• Dose is not established.15 Dose per interventionalist.15 Median dose was 20 mg in the MR CLEAN registry.15 In the MR CLEAN clinical trial, a maximum permitted dose of IA alteplase was 90 mg, or 30 mg if the patient had also received IV alteplase.16 In the phase IIb CHOICE trial, intra-arterial alteplase was administered after successful reperfusion using thrombectomy, at a dose of 0.225 mg/kg (max 22.5 mg) infused over 15 to 30 minutes.14

Achieve blood pressure goals.

  • Carefully reduce and maintain blood pressure to ≤185/110 mmHg before IV thrombolysis.1
    • Consider labetalol 10 to 20 mg IV over 1 to 2 min, repeated once OR nicardipine 5 mg/hr IV, titrated by 2.5 mg/hr every 5 to 15 min (max 15 mg/hr) OR clevidipine 1 to 2 mg/hr, titrated by doubling dose every 2 to 5 min
      (max 21 mg/hr).1
    • Hydralazine, enalaprilat, or other agents can be considered.1
  • During and after reperfusion therapy (for 24 hours post-thrombolysis), maintain blood pressure ≤180/105 mmHg.1
    • Check blood pressure every 15 min for the first 2 hours of thrombolysis, then every 30 min for 6 hours, then every hour for 16 hrs.Increase monitoring frequency if systolic is >180 mmHg or diastolic is >105 mmHg.1
    • If SBP >180-230 or DBP >105-120 mmHg, consider labetalol 10 mg bolus followed by 2 to 8 mg/min infusion, or nicardipine or clevidipine as above. If blood pressure is not controlled or diastolic >140 mmHg, consider sodium nitroprusside.1
  • For patients not receiving IV thrombolysis or endovascular therapy with blood pressure ≥220/120 mmHg, consider a blood pressure reduction of 15% within 24 hrs.1
  • Start/restart antihypertensive 72 hours after symptom onset if blood pressure ≥140/90 mmHg and patient is neurologically stable.3
  • If patient is hypotensive, increase blood pressure to support organ function (e.g., with crystalloids or colloids).1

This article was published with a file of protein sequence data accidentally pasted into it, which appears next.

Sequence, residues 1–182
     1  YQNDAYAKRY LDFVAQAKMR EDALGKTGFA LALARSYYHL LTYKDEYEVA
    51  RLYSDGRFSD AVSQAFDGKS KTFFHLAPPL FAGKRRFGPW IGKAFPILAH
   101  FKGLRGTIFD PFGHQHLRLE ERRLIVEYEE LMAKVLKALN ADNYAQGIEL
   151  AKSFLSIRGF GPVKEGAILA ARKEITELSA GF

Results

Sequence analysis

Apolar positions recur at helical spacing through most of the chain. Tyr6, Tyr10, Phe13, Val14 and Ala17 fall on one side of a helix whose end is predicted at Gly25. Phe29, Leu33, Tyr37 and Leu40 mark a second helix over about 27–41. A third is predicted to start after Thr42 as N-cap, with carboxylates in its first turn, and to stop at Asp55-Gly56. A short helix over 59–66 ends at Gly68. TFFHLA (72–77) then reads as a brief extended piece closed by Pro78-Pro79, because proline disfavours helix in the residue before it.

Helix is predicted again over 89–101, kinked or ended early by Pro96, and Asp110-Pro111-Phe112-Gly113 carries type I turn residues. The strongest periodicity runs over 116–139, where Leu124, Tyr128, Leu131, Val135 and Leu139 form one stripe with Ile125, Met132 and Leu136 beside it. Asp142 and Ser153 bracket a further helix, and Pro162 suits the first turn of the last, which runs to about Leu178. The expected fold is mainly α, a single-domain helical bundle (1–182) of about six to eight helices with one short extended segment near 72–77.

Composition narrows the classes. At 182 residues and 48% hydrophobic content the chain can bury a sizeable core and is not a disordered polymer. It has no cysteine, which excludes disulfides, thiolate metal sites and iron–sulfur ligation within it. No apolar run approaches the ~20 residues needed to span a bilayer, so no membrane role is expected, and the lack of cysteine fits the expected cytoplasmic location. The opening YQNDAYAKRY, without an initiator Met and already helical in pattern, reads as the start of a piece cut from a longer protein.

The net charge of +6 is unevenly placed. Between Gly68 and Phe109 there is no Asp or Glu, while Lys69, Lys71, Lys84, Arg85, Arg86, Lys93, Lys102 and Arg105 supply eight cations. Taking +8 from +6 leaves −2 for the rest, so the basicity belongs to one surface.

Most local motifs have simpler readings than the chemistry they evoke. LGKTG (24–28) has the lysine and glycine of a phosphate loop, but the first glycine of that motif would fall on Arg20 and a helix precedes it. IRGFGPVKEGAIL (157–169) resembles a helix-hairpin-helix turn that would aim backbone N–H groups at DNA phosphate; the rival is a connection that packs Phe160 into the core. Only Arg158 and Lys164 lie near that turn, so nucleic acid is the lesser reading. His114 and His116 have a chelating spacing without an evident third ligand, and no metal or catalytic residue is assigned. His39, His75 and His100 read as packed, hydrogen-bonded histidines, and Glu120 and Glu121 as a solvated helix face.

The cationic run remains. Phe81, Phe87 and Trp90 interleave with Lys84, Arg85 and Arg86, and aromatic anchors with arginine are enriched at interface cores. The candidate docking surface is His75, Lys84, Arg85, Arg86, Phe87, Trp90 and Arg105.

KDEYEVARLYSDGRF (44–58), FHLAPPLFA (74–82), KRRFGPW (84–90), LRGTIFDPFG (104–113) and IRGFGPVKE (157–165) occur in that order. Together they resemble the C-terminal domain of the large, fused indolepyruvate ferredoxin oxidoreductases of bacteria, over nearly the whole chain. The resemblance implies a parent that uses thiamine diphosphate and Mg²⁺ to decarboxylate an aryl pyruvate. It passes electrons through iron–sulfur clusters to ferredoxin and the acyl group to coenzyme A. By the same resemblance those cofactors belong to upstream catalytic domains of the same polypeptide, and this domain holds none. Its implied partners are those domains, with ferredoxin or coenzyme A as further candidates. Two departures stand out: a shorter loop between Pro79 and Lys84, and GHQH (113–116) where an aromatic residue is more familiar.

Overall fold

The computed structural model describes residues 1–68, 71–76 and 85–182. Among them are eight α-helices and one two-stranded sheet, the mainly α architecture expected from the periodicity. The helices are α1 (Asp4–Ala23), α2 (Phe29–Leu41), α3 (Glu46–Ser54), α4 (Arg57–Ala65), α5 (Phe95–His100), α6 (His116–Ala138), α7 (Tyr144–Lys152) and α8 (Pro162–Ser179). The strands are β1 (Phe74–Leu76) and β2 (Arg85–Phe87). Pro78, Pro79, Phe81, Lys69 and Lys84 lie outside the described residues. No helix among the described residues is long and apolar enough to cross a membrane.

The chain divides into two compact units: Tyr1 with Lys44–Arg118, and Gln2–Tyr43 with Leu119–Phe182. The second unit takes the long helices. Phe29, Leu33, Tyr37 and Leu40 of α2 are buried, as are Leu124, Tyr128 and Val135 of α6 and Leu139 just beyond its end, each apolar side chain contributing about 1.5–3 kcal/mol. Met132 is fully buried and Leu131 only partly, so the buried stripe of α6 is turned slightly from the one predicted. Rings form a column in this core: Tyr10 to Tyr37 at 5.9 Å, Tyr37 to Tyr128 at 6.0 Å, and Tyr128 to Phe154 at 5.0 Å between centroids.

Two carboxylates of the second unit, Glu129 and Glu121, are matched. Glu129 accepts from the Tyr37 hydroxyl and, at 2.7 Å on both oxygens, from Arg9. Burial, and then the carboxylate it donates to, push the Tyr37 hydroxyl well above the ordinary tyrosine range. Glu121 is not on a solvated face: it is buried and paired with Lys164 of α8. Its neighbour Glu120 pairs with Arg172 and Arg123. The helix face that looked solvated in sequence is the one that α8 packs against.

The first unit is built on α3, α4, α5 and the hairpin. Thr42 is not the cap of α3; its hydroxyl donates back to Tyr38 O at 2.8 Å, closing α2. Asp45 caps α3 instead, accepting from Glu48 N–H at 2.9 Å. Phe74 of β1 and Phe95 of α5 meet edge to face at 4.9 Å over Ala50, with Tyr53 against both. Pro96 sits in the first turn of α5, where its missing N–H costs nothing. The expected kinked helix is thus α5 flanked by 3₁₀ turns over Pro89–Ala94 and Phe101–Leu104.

Manage blood glucose.

  • Check glucose before thrombolysis.1
    • Treat glucose <60 mg/dL.1

Treat body temperature >38oC.

  • Administer an antipyretic.1

Manage thrombolysis



  • Discontinue thrombolytic and ACEI.1
  • Give methylprednisolone 125 mg IV.1
  • Give diphenhydramine 50 mg IV.1
  • Give famotidine 20 mg IV.1
  • For persistent angioedema, give epinephrine (0.1%) 0.3 mL subcutaneously or via nebulizer (0.5 mL).1
  • Consider medications used to treat hereditary angioedema: icatibant (Firazyr) 30 mg subcutaneous injection in abdomen repeated every 6 hours if needed (max 3 injections in 24 hours) or C1 esterase inhibitor (e.g., Berinert20 IU/kg IV x 1).1

Intracranial bleed within 24 hours of thrombolysis (based on alteplase recommendations)

In addition to appropriate labs, imaging, and supportive care:

    Stop thrombolytic.

Bleeding reversal options:

    Cryoprecipitate (factor VIII source) 10 units over 10 to 30 min. Give additional dose if fibrinogen <150 mg/dL.
    • Expect onset in 1 hr, peak in 12 hrs1.
    Tranexamic acid 1,000 mg IV over 10 min OR aminocaproic acid 4 to 5 g over 1 hr. Repeat until bleeding controlled.
    • Expect peak in 3 hrs.1

Start an antiplatelet.

  • Start aspirin 160 to 300 mg daily within 24 to 48 hours of stroke onset.1
    • Generally, wait 24 hours after thrombolysis is given to start aspirin, but consider comorbidities.1
  • In patients with minor stroke who do not receive thrombolysis, consider aspirin plus clopidogrel for 21 days, starting within 24 hours of stroke onset.1

Prevent deep venous thrombosis.

  • In immobile stroke patients, use intermittent pneumatic compression (plus aspirin and hydration) to reduce the risk of deep venous thrombosis.1
    • The benefit of low-dose subcutaneous heparin or low-molecular-weight heparin in this population is unclear.1
    • If you do not give prophylaxis, document why (by day 2 of admission) to meet quality measures (US).5

Identify and treat depression.

  • Screen post-stroke patients for depression, or ensure this is done at follow-up.1
  • Treat depression if identified.1

Optimize lipid-lowering therapy.

Help patient stop smoking.

Quickly identify and respond to in-hospital stroke.

  • Participate in the in-hospital stroke response team (this can be the same stroke team that responds to stroke patients that arrive in the emergency department).6
    • If a pharmacist is not part of the stroke response team, have a policy that the charge nurse will contact the pharmacy to inform them that a patient is being assessed for possible stroke.6
  • Participate in mock stroke alerts.6
  • Educate pharmacy staff on the signs and symptoms of stroke, and activation of the stroke alert.6
  • Have a policy that the stroke response team sends thrombolytic orders to the pharmacy STAT.6
  • Consider use of a runner to deliver the thrombolytic.6
  • Advocate for use of shorter-acting sedatives to allow for frequent neurological evaluation to promote rapid identification of stroke symptoms.6